Joining a team as a mentor?

I’m sure some of you may have seen me post a few times on here, asking for suggestion on what I should do now that I’ve graduated High School and am no longer an FRC student. Well, now that a year or so has gone by, I’ve given a lot of consideration to trying to mentor some of the teams in my local area.

A lot of the experienced CD-ers have been on multiple teams. It’s that kind of experience I’m looking to draw on.

I guess what I’m asking are two things:
1 - How do I go about getting in contact with a team? I understand that, if necessary, I could contact my regional director. Is it a better practice to reach out to a team directly? If I have a certain team or teams in mind, should I talk to them right off the bat?

2 - What are your experiences being a new mentor on a team? As a Non-Engineering Mentor-wannabe, with a little experience in strategy, design and programming, am I going to find that some teams won’t have much of a place for me? Or do most teams find some place for an aspiring mentor? I’d assume that varies from team to team, but what have been your experiences?

I figured there may already be a thread on this, but I didn’t have much luck searching. Maybe it’s because I didn’t exactly know what I was looking for. If you know of a thread where this has been discussed, PLEASE DIRECT ME TO IT ASAP!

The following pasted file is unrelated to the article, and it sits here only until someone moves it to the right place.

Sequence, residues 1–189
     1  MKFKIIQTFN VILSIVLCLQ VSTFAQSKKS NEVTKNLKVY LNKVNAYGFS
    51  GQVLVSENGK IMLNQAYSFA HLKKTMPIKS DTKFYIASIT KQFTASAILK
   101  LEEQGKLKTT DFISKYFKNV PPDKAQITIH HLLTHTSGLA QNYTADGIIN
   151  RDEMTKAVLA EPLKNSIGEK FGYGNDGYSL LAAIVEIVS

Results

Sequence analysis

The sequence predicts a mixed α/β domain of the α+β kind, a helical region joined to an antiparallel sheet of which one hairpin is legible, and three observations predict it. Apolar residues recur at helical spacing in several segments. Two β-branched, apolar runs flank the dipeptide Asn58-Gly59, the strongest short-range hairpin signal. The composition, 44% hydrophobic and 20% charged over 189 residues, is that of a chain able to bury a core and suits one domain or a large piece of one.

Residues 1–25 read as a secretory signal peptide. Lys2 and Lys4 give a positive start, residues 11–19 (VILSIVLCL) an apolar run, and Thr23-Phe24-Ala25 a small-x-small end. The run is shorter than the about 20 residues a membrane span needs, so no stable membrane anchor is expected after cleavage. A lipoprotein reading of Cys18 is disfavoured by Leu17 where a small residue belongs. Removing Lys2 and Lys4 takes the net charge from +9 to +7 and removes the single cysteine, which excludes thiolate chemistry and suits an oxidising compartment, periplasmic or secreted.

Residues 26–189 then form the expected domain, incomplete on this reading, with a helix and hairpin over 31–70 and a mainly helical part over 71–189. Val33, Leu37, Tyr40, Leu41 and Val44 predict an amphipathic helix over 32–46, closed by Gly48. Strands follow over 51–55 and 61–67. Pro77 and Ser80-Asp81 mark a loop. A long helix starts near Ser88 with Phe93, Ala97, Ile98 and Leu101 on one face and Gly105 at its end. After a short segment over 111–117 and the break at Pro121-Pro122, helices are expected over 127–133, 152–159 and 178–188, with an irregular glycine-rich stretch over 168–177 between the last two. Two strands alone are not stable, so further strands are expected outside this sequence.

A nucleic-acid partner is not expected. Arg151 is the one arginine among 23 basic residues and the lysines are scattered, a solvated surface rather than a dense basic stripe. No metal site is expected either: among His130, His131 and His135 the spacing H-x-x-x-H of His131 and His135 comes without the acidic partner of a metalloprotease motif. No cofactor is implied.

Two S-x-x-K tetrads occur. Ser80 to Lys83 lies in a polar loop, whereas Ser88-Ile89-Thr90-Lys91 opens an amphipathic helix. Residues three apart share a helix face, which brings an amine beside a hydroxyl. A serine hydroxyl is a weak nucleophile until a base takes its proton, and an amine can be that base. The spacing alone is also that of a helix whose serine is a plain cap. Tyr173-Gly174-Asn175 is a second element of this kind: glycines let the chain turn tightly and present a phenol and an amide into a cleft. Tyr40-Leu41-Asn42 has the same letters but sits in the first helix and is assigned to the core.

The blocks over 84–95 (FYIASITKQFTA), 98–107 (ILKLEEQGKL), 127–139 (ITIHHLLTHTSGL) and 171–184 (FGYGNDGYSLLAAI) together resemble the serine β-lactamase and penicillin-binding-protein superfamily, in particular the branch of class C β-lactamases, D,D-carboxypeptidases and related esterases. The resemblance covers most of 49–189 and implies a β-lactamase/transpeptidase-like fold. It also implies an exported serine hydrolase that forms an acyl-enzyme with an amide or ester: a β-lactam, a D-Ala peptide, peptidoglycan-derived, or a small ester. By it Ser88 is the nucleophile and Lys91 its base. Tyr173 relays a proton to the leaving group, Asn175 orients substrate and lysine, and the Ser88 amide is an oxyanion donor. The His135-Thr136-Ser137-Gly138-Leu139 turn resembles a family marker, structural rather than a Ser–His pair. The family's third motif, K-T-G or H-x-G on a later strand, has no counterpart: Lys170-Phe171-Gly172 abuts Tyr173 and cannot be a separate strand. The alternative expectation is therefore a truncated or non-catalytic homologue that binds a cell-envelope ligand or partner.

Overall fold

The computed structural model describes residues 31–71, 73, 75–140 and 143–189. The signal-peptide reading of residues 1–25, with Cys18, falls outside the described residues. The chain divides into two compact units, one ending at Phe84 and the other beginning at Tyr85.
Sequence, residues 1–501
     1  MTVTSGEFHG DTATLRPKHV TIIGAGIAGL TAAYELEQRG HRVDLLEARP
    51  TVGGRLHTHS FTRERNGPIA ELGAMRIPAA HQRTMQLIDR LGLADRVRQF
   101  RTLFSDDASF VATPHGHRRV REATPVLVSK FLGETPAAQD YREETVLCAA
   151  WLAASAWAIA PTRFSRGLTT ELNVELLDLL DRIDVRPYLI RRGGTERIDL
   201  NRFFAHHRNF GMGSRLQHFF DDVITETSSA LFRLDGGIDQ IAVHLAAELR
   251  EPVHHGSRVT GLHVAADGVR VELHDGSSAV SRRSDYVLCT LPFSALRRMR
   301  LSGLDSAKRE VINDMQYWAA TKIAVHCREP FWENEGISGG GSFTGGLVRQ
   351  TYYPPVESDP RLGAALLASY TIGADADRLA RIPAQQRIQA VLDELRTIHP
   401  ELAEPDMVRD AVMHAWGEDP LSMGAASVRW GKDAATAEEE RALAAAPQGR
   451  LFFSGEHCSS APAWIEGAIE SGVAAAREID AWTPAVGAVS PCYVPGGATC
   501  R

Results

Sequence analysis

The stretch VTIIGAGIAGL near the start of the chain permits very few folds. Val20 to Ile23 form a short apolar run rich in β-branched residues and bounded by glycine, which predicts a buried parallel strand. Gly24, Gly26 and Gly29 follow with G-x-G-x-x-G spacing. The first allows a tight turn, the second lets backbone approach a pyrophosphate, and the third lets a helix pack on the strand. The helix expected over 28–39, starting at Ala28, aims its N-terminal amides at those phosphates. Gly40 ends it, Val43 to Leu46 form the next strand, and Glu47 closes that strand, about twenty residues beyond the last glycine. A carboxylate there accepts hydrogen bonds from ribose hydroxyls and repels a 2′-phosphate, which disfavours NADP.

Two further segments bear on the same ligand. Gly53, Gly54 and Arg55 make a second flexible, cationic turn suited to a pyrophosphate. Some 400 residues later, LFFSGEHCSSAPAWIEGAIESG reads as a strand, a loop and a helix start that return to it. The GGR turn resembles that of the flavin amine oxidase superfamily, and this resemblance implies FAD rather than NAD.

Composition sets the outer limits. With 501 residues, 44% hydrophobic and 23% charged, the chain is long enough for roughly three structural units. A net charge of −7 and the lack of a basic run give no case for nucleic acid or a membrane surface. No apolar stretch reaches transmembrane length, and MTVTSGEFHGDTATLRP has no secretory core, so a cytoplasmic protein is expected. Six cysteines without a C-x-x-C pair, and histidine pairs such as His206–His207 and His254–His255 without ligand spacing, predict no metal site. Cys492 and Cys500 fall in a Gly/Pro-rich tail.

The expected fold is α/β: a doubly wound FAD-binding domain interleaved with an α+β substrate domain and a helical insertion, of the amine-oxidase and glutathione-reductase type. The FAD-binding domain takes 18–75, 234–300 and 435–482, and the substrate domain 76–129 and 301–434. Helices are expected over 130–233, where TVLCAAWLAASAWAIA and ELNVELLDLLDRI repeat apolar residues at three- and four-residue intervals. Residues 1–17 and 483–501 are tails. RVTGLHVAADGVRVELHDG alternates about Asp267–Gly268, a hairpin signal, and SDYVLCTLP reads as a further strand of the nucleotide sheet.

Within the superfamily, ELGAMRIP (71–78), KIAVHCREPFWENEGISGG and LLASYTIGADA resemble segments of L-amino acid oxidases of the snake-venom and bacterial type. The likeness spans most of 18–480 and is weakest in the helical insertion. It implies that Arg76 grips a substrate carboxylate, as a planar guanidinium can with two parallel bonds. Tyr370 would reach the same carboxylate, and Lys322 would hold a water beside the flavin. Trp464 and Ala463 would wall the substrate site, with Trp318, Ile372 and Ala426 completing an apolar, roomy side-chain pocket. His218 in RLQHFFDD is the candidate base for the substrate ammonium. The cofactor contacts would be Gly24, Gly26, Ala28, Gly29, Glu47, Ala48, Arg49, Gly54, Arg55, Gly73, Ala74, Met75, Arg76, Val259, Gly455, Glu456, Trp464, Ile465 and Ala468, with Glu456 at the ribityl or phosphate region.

Any help is greatly appreciated. Thank you.

-Leeland

  1. If you have certain teams in mind, by all means talk to them directly. Otherwise, your best bet is to go the RD route, or pay attention until you find a team that may be in need of a mentor.

  2. As a NEM-type, you’re probably going to be in demand. However, most teams just don’t know they need a NEM. That means you’ll have to sell yourself to the team.

Thanks Eric! Those are some of the answers I’m looking for. I’m specifically looking at teams who may be in need of a mentor with FRC experience in general. I’m looking for teams who can benefit from my (comparatively little) experience, as much as I can benefit from being with them.

I didn’t know there may be a need for NEM-type mentors. I guess it’s understandable. I’ll certainly try to sell my experience on my team’s promotion and marketing teams.

Thanks for the advice!

I can’t imagine a team NOT wanting another mentor! There are so many tasks, and it is so nice to have a smaller ratio of adults to kids to help all the kids grow. How close are you to BX? haha Your FIRST experience alone would make you valuable to any rookie team, and most teams in general. Good luck finding the right fit! :slight_smile:

Do a little research. Find teams in your area, look them up, and if they have representatives on Chief Delphi, PM them, asking about the team. It’s easier to join a team you know a bit about, or know a bit about the people, than to join a whole new team you know nothing about, and there’s no better place than CD.